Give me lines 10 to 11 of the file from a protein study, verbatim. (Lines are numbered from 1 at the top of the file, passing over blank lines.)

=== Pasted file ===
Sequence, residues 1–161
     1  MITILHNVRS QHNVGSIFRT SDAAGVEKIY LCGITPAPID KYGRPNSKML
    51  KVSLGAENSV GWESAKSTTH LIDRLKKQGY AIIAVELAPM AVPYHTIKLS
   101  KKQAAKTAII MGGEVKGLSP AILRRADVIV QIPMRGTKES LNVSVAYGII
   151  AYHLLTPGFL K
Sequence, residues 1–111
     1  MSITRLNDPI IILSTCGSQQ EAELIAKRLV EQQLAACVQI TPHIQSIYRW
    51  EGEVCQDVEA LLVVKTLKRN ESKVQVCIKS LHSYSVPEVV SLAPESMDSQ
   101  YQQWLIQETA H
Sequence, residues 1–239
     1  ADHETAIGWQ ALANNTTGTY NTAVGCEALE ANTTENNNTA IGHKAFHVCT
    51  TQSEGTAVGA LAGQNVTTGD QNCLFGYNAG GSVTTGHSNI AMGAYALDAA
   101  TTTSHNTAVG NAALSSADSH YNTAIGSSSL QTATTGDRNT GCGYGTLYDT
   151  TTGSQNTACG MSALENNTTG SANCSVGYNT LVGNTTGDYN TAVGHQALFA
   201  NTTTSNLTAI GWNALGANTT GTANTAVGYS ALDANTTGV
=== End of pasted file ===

Sequence, residues 1–239
     1  ADHETAIGWQ ALANNTTGTY NTAVGCEALE ANTTENNNTA IGHKAFHVCT